How do Hand Warmers Work Sodium Acetate
How does science keep your hands toasty?
Hand-warming pads use a solution inside a closed environment with a high freezing temperature to provide a warming effect. A hand warmer starts out at room temperature but, when a metal disc is pressed into the solution, an exothermic reaction is triggered, releasing heat.
Basically, hand warmers use a solution of water and another substance, like sodium acetate. The latter raises the freezing temperature of the solution. In this instance, sodium acetate freezes at 54 degrees Celsius (130 degrees Fahrenheit) but can exist as a supercool liquid with water at a much lower temperature until the crystallization (or freezing) process is initiated.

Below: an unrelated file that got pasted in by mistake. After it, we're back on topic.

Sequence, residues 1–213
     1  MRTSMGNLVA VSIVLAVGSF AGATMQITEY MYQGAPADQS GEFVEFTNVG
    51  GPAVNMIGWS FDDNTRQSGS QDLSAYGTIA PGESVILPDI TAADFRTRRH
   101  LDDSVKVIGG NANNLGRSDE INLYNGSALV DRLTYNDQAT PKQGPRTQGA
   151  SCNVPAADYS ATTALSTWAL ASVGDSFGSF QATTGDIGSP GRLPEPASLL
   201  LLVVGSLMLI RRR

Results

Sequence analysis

When the metal disc in the hand warmer is pressed into the supersaturated solution, a few of the molecules of the solution jump into a solid frozen state, in turn causing the rest of the liquid to solidify. This makes the liquid leap to sodium acetate’s freezing temperature. By heating the hand warmer further the frozen sodium acetate will melt, allowing it to again be stored as a supercool liquid until its next use.